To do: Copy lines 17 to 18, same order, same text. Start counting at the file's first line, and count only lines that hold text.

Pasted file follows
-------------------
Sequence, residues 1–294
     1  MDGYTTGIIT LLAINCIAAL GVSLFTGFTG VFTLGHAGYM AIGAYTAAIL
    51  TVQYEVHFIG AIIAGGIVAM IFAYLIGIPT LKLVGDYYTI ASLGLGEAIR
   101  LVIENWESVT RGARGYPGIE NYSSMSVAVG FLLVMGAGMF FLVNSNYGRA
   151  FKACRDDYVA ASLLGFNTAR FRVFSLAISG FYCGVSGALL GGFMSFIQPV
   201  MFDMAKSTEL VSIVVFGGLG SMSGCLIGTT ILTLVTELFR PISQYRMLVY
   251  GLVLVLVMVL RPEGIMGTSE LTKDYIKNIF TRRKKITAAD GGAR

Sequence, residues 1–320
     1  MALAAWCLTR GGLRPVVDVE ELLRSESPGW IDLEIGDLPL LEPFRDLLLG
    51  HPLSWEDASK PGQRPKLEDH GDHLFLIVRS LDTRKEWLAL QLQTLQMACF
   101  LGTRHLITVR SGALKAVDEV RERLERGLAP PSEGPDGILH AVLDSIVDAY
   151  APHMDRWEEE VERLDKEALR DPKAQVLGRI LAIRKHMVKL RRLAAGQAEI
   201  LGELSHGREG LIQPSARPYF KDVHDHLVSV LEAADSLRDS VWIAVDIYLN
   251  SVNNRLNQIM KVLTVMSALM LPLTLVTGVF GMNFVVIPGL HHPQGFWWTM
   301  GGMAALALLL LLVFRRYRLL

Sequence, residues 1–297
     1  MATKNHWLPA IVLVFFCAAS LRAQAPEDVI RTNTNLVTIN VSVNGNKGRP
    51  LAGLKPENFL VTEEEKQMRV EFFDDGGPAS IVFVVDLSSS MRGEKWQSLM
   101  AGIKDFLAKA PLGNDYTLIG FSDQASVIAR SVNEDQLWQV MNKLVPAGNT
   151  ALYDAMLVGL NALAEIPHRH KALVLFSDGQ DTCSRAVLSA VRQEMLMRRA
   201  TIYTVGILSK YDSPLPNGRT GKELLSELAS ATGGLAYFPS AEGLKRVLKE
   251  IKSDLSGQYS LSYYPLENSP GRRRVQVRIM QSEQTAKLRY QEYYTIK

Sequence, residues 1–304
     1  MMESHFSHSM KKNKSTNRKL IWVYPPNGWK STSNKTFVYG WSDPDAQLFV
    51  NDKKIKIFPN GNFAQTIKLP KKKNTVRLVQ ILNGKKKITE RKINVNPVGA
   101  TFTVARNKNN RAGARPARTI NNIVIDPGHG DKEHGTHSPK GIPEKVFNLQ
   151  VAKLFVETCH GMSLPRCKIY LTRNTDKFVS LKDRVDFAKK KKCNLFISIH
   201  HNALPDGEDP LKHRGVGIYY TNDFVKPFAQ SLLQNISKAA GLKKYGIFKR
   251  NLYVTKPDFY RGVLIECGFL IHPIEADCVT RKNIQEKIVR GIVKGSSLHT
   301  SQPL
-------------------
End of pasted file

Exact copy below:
     1  MATKNHWLPA IVLVFFCAAS LRAQAPEDVI RTNTNLVTIN VSVNGNKGRP
    51  LAGLKPENFL VTEEEKQMRV EFFDDGGPAS IVFVVDLSSS MRGEKWQSLM